I think that DynamicStability needs to get the facts straight. Just because Republicans tend to be "conservitive" and on the opposite side of Democrats doesn't mean we think the internet is evil. When you make comments like that on a distingushed site such as this, your other statements become lost in the juvinile attack on another person. I hope that you will learn from this and choose your words more carefully next time.

Posted by: LadyLoves4God | June 1, 2006 03:25 PM

It really doesn't matter what the reason behind the talks is. Iran will do what they want to do the same as America will. No one person is to blame. It's just the nature of the beast. If a peaceful solution can be found and implemented, great, but it is highly unlikely at this point.

Posted by: LadyLoves4God | June 1, 2006 03:33 PM

If Bush keeps putting pressure on Iran, the whole Middle East could blow up. The first target will be Israel. We have already seen some excitement along the Lebanese border. With Bush as Israel's "best friend", they don't need any enemies. Look how well Bush's democracy movement worked in the West Bank and Gaza. This is like the Cuban Missile Crisis, but without the common sense of Kennedy and Khrshchev.

Posted by: P. J. Casey | June 1, 2006 04:28 PM

Posted by: LadyLoves4God | June 1, 2006 03:25 PM

It is your job to censor such comments by reporting them. I could have said much more offensive things...then again you could have responded to the actual content in most of my posts.

It's not a large stretch of the imagination to look at a map marked red and blue and sarcasticly conclude that the middle staters probably don't have computers or indoor plumbing.

Posted by: DynamicStability | June 1, 2006 04:44 PM

Why should the Iranians believe or trust Bush or Rice? They've been exposed so many times as liars. Indeed, the Iraq debacle has exposed the entire U.S. administration as deceitful and untrustworthy. Under these circumstances, the Iranians would be very foolish indeed to trust anyone representing the current, discredited U.S. administration enough to enter into negotiations with them.
Until a new, less mendacious administration takes office in Washington, it makes no sense at all to engage in discussions or negotiations of any sort with the current United States government.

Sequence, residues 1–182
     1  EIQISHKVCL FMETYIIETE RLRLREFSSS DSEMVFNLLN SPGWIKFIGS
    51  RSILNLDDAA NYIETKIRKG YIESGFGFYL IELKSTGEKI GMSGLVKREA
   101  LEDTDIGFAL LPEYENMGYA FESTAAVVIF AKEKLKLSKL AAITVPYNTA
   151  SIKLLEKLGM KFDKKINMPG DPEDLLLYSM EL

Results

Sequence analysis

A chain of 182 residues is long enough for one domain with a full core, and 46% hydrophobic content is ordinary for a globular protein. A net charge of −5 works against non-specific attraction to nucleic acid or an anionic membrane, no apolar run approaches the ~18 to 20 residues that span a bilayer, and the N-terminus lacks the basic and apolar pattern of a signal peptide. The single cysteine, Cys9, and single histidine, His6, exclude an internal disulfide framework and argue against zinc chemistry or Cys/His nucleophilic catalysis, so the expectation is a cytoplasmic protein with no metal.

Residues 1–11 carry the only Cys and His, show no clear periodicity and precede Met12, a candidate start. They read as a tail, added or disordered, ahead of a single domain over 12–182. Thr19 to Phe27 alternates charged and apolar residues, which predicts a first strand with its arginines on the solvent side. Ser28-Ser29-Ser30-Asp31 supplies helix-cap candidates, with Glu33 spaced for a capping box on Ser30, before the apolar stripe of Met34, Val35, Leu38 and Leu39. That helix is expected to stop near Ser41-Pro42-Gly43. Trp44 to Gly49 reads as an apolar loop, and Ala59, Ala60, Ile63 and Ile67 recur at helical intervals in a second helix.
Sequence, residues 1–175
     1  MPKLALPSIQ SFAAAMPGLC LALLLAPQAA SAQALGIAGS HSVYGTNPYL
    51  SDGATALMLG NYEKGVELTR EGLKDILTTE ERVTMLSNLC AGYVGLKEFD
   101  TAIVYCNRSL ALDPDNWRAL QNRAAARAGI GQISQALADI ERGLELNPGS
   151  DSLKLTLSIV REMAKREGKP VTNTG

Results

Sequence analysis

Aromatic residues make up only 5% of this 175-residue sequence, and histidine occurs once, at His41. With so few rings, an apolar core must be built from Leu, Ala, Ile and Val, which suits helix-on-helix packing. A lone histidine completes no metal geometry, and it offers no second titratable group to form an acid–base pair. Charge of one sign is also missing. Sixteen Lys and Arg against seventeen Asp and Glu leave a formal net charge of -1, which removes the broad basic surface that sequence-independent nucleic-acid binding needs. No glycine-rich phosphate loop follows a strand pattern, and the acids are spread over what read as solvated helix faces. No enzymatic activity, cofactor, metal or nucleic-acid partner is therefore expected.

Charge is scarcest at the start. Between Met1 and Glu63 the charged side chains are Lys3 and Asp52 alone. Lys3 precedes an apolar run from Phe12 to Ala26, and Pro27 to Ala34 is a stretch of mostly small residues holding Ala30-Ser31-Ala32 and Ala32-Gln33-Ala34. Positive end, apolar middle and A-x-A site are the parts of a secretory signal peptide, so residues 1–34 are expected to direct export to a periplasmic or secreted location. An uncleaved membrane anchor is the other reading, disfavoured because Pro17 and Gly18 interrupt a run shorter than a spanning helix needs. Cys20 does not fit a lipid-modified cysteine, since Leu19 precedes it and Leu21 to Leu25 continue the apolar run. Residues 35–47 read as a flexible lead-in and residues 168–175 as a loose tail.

Washington has shown that it does not abide by its word, or respect international law.
That means we're all on our own now. No surprise, really, that Iran and North Korea are busy developing nuclear weapons. With no credible interlocutor in Washington, they

Posted by: Jurgen | June 1, 2006 05:06 PM

There is still no talking until after Iran does "what they know they have to do", as Condoleezza Rice was quoted as saying last November, so I don't see a big change in policy here. If Iran doesn't suspend enrichment, it shows they don't consider the honor of talking directly to the US a wonderful carrot, and puts them in the position of being unwilling to be diplomatic.

Iran's well known position is they have the right to enrich uranium, and they won't put it off forever just to console cowardly cry-baby countries who need endless reasurance they won't get a-bombs.

No country will be "forced" to consider a pre-emptive stike "when" Iran gets nuclear weapons. No country will know for sure when or if Iran gets weapons, and they could always choose to depend on the MAD strategy. A pre-emptive strike would be hard if you didn't know where the weapons were.

Posted by: Eric Puravs | June 1, 2006 05:13 PM

No doubt about about it !

Madame Condoleezza Rice should run for office of President of the United States of America.

I wish she will change her mind.

And by the way, we do have a word in French for ladies such as Dr Rice : "C'est une femme fatale !!"

Posted by: Daniel, Paris | June 1, 2006 05:36 PM

DynamicStability, I admire your courage, though not your common sense. As a native of an extremely "red" state, I can attest to the difficulties of life among born-again-morons. But these people are very ignorant, very self-righteous and very heavily-armed. We're in for some fireworks, folks.

Posted by: RedStater | June 1, 2006 06:55 PM

Fact: If Israel makes a preemptive nuclear strike on the people of Iran, they've signed their own (eventual) death warrant

Posted by: mike | June 1, 2006 07:44 PM

This is the US's first bid. Why shouldn't they ask for Iran to stop enrichment? The Europeans had obtained this concession in their earlier negotiations with Iran. Why should the US negotiate while Iran continues to develop high grade uranium for a bomb?